Perhaps not so far from the truth.

On August 19th, the Community Farm Workers Alliance NYC, allied with the Coalition of Immokalee Workers, a community-based organization of mainly Latino, Mayan Indian and Haitian immigrants working in low-wage jobs throughout the state of Florida, organized a protest in front of the new Trader Joe’s store in New York City’s Chelsea Neighborhood.  Their goal was to educate shoppers about the extreme and unconscionable abuses farm workers are enduring in their region; Florida tops the nation in the amount of fresh-market tomatoes produced.

Chelsea Now, a local neighborhood publication, was on hand to survey the seen and speak with some of the CIW staff members present.  One of them, Julia Perkins, related some horrifying incidents illustrating how brutal certain farm labor employers can be.  In 2008, two employers were sentenced to 12 years in jail for forcing laborers to sleep in locked trucks overnight, binding their wrists in chains. Perkins explained, “They would close the truck and lock them in overnight with no ventilation, no light and no bathroom facilities —workers were forced to use the corner of the truck. They deducted $5 from their paycheck to wash off with a garden hose out back, and food is deducted as well. It’s horrendous.

This brand of exploitation – the subjugation of workers and their rights to the point of mirroring traditional slavery practices – is executed by those who own and operate farms, but it is important to understand that such crimes are allowed to continue because those who purchase tomatoes in high volume – restaurant chains and grocery chains – either aren’t aware or turn a blind eye. When those buyers choose to begin selecting produce grown with higher labor standards, growers’ profits are threatened unless more humane changes are made.  In effect, the restaurant or supermarket wields the financial power and thus can control, or “own,” the industry standards and the people involved in production.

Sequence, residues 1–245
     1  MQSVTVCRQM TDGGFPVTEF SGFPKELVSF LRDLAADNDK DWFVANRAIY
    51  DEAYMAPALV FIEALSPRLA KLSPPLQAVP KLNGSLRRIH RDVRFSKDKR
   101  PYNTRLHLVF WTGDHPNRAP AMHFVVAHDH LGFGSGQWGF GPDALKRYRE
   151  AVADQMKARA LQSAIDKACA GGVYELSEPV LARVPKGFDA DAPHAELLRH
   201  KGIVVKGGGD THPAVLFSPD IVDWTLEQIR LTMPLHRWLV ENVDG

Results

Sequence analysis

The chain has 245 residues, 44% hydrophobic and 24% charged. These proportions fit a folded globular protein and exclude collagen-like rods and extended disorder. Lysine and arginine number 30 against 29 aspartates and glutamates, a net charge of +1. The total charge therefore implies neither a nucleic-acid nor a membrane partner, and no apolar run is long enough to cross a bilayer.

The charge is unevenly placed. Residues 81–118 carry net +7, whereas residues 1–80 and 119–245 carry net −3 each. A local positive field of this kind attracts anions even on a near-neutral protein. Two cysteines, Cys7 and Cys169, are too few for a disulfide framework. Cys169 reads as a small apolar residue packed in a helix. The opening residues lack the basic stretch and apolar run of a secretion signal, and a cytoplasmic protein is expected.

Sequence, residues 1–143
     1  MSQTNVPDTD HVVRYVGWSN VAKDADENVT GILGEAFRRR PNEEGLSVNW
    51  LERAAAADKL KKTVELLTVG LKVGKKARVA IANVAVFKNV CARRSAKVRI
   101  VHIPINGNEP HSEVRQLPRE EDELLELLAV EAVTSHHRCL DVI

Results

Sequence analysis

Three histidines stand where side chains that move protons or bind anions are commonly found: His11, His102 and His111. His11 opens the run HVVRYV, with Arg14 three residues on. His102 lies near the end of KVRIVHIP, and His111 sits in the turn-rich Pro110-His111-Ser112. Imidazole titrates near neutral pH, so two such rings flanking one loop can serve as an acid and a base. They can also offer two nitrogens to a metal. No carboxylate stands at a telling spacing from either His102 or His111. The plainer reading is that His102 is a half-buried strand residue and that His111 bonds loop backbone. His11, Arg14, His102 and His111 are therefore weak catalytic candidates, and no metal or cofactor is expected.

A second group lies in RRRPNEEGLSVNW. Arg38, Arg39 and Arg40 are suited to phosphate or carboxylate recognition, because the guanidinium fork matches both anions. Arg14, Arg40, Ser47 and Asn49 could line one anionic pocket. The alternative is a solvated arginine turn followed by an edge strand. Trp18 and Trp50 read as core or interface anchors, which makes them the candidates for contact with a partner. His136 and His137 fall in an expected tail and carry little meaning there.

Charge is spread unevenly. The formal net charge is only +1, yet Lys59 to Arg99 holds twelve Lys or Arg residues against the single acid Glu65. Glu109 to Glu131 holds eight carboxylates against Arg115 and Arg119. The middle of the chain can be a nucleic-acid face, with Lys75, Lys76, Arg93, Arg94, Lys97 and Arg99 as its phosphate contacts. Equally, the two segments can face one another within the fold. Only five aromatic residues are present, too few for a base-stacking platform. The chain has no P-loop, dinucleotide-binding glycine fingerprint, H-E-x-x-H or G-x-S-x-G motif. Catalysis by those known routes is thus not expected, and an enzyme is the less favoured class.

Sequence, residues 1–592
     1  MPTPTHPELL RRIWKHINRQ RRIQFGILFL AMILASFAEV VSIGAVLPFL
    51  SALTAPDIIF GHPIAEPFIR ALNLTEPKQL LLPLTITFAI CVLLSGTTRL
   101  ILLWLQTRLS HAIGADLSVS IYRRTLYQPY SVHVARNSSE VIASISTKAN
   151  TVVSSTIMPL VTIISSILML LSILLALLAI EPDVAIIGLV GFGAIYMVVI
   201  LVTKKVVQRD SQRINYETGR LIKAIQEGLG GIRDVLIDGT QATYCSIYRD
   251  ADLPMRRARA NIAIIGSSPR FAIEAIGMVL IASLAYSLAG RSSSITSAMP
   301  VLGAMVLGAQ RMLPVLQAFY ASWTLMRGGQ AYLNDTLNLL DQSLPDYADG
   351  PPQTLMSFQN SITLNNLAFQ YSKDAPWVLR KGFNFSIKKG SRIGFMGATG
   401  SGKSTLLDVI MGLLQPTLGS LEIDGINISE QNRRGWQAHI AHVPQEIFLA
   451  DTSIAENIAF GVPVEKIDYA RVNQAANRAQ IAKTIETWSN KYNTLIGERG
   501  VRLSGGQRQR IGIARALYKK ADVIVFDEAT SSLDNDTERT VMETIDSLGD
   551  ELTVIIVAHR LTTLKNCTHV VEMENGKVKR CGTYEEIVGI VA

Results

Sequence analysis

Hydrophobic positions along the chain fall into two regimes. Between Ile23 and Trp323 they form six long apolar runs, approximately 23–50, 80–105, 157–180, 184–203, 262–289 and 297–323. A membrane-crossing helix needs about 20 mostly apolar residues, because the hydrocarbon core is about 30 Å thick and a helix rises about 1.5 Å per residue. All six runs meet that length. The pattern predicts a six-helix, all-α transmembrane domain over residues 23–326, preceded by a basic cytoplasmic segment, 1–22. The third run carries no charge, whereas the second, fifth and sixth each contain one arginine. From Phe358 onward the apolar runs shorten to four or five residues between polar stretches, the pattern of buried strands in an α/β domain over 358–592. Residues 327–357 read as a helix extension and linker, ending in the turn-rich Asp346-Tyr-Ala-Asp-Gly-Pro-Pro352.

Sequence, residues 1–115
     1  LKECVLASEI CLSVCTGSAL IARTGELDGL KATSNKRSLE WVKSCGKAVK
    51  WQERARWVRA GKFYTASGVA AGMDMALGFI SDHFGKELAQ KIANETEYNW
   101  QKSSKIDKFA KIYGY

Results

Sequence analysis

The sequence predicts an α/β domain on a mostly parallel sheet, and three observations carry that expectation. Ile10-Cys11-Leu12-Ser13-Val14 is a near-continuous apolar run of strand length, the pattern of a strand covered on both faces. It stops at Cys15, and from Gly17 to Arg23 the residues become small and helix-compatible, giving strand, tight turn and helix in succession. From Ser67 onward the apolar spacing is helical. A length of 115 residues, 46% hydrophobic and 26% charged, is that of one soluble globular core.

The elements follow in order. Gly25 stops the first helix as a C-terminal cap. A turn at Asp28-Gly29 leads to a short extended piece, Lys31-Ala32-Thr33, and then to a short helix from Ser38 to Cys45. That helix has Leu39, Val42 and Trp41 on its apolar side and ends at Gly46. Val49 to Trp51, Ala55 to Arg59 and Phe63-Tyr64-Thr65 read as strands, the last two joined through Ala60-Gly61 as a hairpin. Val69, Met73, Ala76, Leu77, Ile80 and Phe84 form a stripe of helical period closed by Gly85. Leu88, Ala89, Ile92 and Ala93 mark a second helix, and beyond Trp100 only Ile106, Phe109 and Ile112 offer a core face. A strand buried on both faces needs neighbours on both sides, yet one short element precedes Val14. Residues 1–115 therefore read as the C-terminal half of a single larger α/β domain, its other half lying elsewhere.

Here’s where Trader Joe’s comes in.

Through persistent action the Coalition of Immokalee Workers has come to agreements with some of the nation’s largest food companies; as Chelsea Now reports, they include “Taco Bell and its parent company, Yum Brands, the world’s largest restaurant multinational; Burger King; McDonald’s; Subway; Whole Foods; and the food service companies Bon Appétit Management Company, Aramark and Compass Group.”  This impressive corporate lineup has agreed to pay slightly higher prices for tomatoes, potentially doubling workers’ daily income.  Although not a revolution in farm labor standards, it’s certainly a start.  However, Trader Joe’s has so far been unwilling to sign an agreement to help stop the exploitation of workers that pick the tomatoes that appear on their shelves. According to a CIW flyer, “farm workers picking tomatoes for Trader Joe’s chain of supermarkets earn 40-50 cents for every 32-pound bucket of tomatoes they harvest.”  Such a sorrowful total can only amount to impoverished living standards, and Trader Joe’s seems unwilling to share any information on their produce sources.  Only after repeated questioning did the company’s publicist, Alison Mochizuki, respond to Chelsea Now in an email with this message: “At Trader Joe’s, we work with reputable suppliers that have a strong record of providing safe and healthy work environments and we will continue to make certain that our vendors are meeting if not exceeding government standards throughout all aspects of their businesses.